Faculty of Social & Historical Sciences


UCL Festival of Culture - one week to go

27 May 2019

Now in its fourth year, the UCL Festival of Culture provides a great opportunity to discover the world-class research being carried out by staff and students from across the arts, humanities, social sciences and education.

UCL Festival of Culture

'UCL’s Festival of Culture is brilliant at bringing UCL’s huge variety of arts, humanities and social sciences expertise to the attention of a wide audience and giving it the prominence it deserves,' says Lori Houlihan, UCL Vice-Provost (Advancement). It has become a highlight of UCL’s year, with eclectic programming and highly creative public engagement.'

‘I hope like me you will take the opportunity to celebrate the exceptional work that is being undertaken in the arts, humanities, social sciences and education across UCL. With exhibitions, film screenings, panel discussions, performances, talks and tours, there really is something for everyone,' says Professor Anthony Smith, UCL Vice-Provost (Education & Student Affairs).

This year’s UCL Festival of Culture explores some diverse issues and will bring particular research areas to life through talks, performances, tours, exhibitions, panels and screenings.


  • Deeds Not Words: Helen Pankhurst In Conversation: Helen Pankhurst, great-granddaughter of Emmeline Pankhurst and granddaughter of Sylvia Pankhurst, both leaders in the British suffragette movement, will be visiting UCL for a participatory discussion on women’s lives, reflecting on the changes in the UK since the right to a parliamentary vote was first granted to some women in 1918 and on priorities going forward. Monday 3 June.
  • Natalie Haynes: Troy Story: Broadcaster, classicist, and star of the BBC Radio 4 series, Natalie Haynes Stands Up for the Classics, Natalie brings her unique combination of ancient history and stand-up comedy to this year’s Festival of Culture. To coincide with her latest novel, A Thousand Ships, a retelling of the story of the Trojan War from an all-female perspective, she will take audiences on a tour around Trojan War. The stories of the women whose lives the war affected have been largely untold - Natalie takes the women out of the shadows and puts them back where they belong: in the middle of the story. Wednesday 5 June.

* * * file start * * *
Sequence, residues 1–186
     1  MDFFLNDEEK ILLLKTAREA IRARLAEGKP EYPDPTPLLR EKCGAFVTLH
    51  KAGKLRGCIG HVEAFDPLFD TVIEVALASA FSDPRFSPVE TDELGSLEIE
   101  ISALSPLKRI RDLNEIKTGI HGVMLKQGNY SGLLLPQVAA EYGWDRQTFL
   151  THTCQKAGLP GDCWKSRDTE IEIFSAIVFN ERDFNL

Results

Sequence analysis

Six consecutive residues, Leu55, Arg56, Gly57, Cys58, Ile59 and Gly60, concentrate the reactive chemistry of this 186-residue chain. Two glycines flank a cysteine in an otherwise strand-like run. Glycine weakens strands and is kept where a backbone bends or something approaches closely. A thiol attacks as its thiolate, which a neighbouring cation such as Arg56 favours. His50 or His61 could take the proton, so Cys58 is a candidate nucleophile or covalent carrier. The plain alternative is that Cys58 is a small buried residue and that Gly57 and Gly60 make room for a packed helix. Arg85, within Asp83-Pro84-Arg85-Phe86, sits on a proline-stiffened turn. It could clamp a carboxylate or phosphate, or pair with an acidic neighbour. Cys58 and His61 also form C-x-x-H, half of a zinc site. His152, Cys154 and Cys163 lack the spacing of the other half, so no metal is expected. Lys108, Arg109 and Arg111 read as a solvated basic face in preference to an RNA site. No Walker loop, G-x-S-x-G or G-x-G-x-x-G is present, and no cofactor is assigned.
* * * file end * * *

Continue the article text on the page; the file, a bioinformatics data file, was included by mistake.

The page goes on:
• Languages of London: Celebrating Languages and Multilingualism in the City: Explore what it means to be a multilingual speaker in the metropolis, and consider the social, cultural and communicative enrichment that multilingualism brings with it. Share your own language biographies and contribute to a languages of London map. Tuesday 4 June.
  • What’s wrong with American English? (Nothing): American English is heard and spoken far more often than British English, and yet it is commonly regarded as a corrupted, invasive form of the language that needs to be resisted before it ruins or kills off ‘proper’ English. Join a discussion exploring the nature of ‘Americanisms’ and the attitudes that they provoke. Wednesday 5 June.

World War II

  • Compromised Identities? Reflections on Perpetration and Complicity under Nazism: How did people become complicit in the Nazi machinery of exploitation, brutality and mass murder? This discussion will reflect on the ways in which people engage in moral compromises, or seek to justify or disassociate themselves from behaviours which compromised their identities in their own eyes or in the view of others. Tuesday 4 June.
  • British responses to the Holocaust: This interactive workshop showcases the UCL Centre for Holocaust Education's latest teaching resource, based on ground-breaking research conducted in 2016 into what students in England know and understand about the Holocaust. Thursday 6 June.


  • How to Be Both: A Celebration of Multiple Belongings and Creative Trajectories, in Europe and Beyond: Debates about the political future of Europe are increasingly shaped by nationalist and nativist resentment, but also by the contrasting idea of Europe as a single cultural space, defined by a shared heritage and a common set of values and traditions. Artists, filmmakers and writers will share their own singular perspectives on a continent which they call home - but not their only home. Thursday 6 June.
  • European identity after Brexit - from the perspective of university students: How has Brexit impacted our perception of Europeanness? How are the stereotypical portrayals of the European experience in the UK’s mainstream media impacting our lives? Join this panel discussion with European students from UCL to consider questions around European identity after Brexit. Friday 7 June.

The UCL Festival of Culture is taking place from 3-7 June 2019 and is open to all.

Browse the full programme online and book your tickets